He could cool off, have a drink of water, watch television, charge up his smartphone and experience a touch of humanity. The latter is important to Parrish, who has been homeless for the last two months after a series of unfortunate circumstances, including the death of his longtime partner and getting evicted from his apartment.

“It’s amazing what I’ve learned about being on the street these past two months, but if I could survive my mother-in-law for 34 years, I can get through this,” said the 56-year-old on June 22, a day that featured triple-digit heat throughout the Valley. “Even though we’re homeless, we still have a heart and we still have something to offer. ... This trailer is phenomenal.”

Parrish is referring to Jenny’s Trailer, a new mobile cooling center that is a welcome respite and serves as a place of shelter from the brutal summer heat. It is a collaborative project in partnership with Tempe’s Homeless Outreach Prevention Effort (HOPE) and Arizona State University’s Healthy Urban Environments initiative, which designed the sustainable, solar-paneled trailer.

Staffed by the city of Tempe, the HOPE team travels around city parks and other locations each Wednesday for two hours, offering a safe, comfortable place to cool off and receive cold bottled water. The trailer is a place for people to connect to housing and social services offered by Tempe. It also offers the “milk of human coolness” to a segment of people who are often ignored by society.

“Many of us go about our daily lives and we forget about our unsheltered population, right?” said Geno Morris, who has been a homeless outreach specialist for Tempe for three years and has more than a decade of experience working with homeless individuals. “As we go about our lives, we get in and out of our air-conditioned cars and we go home to our air conditioning. We think, ‘Oh man, it’s so hot,’ and we forget about the individuals who don’t have a home and don’t have a place to cool off.”

In addition to Jenny’s Trailer, Tempe has seven city and community heat relief locations, as well as two sites available on excessive-heat-warning days. The centers offer a place for all residents in need, sheltered and unsheltered, to cool off, hydrate and access services as needed.  

Morris said Jenny’s Trailer allows him to develop a special bond with individuals and families experiencing homelessness, who aren’t so quick to trust. During the June 22 visit at Daley Park, some went inside to cool off while others approached slowly. A few grabbed a bottle of water from an ice chest outside the door but never ventured inside.

Parrish said being homeless trains you to sleep with one eye open and to be wary of others until you know their true intent.

“You don’t know who you’re dealing with on the street or what their motives are,” said Parrish, who has already witnessed several overdoses and suicides and has experienced theft. “When I step inside and talk with that gentleman (Morris), I feel like I’m talking to an old friend. ‘What’s going on?’ ‘How’s your day going?’ That means a lot, especially to people who have no one.”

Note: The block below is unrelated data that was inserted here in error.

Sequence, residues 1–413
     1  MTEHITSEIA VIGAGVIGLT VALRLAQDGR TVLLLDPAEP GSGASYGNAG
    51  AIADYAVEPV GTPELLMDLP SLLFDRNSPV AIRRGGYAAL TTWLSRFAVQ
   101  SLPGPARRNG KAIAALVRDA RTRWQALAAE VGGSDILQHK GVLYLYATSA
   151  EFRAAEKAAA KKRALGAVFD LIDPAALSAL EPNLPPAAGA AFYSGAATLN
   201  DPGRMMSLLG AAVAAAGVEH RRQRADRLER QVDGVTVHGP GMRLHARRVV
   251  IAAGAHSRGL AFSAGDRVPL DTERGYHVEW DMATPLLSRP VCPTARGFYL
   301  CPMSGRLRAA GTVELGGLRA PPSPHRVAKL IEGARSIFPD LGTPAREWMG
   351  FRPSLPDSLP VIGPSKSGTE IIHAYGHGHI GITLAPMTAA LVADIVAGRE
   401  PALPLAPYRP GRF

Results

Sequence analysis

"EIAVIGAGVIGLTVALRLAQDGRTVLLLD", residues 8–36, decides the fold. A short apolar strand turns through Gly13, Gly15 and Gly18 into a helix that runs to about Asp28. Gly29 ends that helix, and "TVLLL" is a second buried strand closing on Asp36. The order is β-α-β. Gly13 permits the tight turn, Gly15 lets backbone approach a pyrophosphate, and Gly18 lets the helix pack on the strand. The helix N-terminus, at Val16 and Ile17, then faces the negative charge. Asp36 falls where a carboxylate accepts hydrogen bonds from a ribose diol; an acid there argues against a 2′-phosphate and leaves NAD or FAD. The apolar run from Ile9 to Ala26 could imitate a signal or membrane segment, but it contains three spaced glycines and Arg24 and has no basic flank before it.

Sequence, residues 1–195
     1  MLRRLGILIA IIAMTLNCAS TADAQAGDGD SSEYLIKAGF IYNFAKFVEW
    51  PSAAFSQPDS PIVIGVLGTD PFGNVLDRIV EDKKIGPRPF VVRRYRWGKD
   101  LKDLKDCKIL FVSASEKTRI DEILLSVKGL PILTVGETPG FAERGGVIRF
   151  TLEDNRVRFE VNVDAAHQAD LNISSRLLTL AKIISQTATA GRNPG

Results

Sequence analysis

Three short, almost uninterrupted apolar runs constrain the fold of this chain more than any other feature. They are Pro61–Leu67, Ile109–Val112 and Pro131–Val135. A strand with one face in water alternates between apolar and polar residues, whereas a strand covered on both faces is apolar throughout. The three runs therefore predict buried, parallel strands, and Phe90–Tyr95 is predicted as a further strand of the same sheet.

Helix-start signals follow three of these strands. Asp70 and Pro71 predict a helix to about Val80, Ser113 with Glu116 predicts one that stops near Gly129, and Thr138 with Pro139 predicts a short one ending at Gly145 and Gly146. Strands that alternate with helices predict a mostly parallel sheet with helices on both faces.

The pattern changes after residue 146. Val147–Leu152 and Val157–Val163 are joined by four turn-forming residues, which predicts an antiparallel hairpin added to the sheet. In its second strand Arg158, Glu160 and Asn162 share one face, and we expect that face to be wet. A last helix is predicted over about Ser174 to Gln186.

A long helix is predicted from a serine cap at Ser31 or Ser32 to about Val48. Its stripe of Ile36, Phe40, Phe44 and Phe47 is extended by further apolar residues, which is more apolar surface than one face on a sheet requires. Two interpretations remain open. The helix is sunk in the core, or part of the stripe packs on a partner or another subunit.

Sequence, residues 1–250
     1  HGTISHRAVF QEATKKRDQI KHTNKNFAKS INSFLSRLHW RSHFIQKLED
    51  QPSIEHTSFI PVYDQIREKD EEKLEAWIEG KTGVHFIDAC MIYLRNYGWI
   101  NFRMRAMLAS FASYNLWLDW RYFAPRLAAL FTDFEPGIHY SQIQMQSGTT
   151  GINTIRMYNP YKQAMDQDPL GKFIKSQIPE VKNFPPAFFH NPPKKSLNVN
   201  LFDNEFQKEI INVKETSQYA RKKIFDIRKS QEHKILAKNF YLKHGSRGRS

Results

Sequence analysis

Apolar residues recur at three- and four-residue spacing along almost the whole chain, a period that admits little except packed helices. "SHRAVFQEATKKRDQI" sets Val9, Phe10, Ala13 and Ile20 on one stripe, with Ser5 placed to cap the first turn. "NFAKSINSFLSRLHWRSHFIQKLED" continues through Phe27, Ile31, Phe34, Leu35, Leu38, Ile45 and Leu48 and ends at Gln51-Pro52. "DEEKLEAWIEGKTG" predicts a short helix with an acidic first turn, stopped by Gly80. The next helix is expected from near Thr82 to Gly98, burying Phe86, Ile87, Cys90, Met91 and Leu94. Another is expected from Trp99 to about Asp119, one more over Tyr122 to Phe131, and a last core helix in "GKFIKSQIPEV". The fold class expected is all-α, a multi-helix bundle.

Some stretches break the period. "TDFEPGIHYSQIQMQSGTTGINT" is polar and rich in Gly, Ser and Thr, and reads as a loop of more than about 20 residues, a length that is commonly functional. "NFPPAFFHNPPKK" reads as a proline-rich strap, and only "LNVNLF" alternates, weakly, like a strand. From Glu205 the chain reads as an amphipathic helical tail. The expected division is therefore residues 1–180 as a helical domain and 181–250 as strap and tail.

Luckily for Jamie Brenzo, she has someone — her husband Noah. She said they are saving money so that he can test for his Department of Transportation card, something the city is helping him obtain. However, until he is back working full time, they remain homeless.

Brenzo, who hails from Nebraska, was one of about a dozen people in Daley Park who cooled down inside Jenny’s Trailer. Before entering, she grabbed a few extra bottles of water to stay hydrated.

“From opening the door to walking inside the trailer, you can feel the air coming off,” she said, closing her eyes, allowing the breeze to hit her face. “The fact that I can go in, charge my phone and watch a movie is pretty amazing.”

Jenny’s Trailer was named for ASU alumna Jenny Norton, a community advocate for those who are homeless. She funded the project in 2021 with a generous $15,000 donation. According to former Tempe councilmember Lauren Kuby, Norton was inspired to support the mobile cooling center by fond childhood memories of growing up in a South Phoenix trailer park. Schoolmates would often gather at “Jenny’s trailer” to enjoy the park’s common area and pool.

“Jenny Norton is not only a philanthropist but an activist, a humanitarian, and she’s a civil rights pioneer in our state and city, and a former representative,” said Kuby, who is a program manager for ASU’s Stardust Center for Affordable Homes and the Family in the Global Institute of Sustainability and Innovation. “Jenny was also the first person to own an electric car in the state of Arizona, way back in the 1970s.”

Because of Norton’s affinity for sustainability, something she knew she shared with ASU, Norton wanted the university to get on board. That’s when she enlisted the help of ASU’s Healthy Urban EnvironmentsHealthy Urban Environments is a collaborative initiative that combines the power of Arizona State University’s entrepreneurship, research and innovation infrastructure with partnership, support and collaboration from Maricopa County and its communities. initiative, which has partnered with the cities of Phoenix and Tempe on a number of projects to combat urban heat, including finding materials to cool streets, pavement and bus shelters.

Last September, Healthy Urban Environments recruited Engineering Projects in Community Service (EPICS) — a team of students who solve engineering-based problems for charities, schools and other not-for-profit organizations — on the interior design elements for the trailer.

While Parrish is thankful that Jenny’s Trailer will continue to make its weekly runs, he’s hoping that he doesn’t have to see it again anytime soon. Tempe is working to find him permanent housing.

“This little trailer’s going to save a lot of lives,” he said. “And that’s so important, because everybody matters.”

Top photo: Raymond Edmonds and Jamie Brunzo leave Jenny’s Trailer on June 22 at Daley Park. The trailer was designed in part by ASU’s Fulton Schools of Engineering and receives assistance from the Global Institute of Sustainability and Innovation and its Healthy Urban Environments initiative. Photo by Charlie Leight/ASU News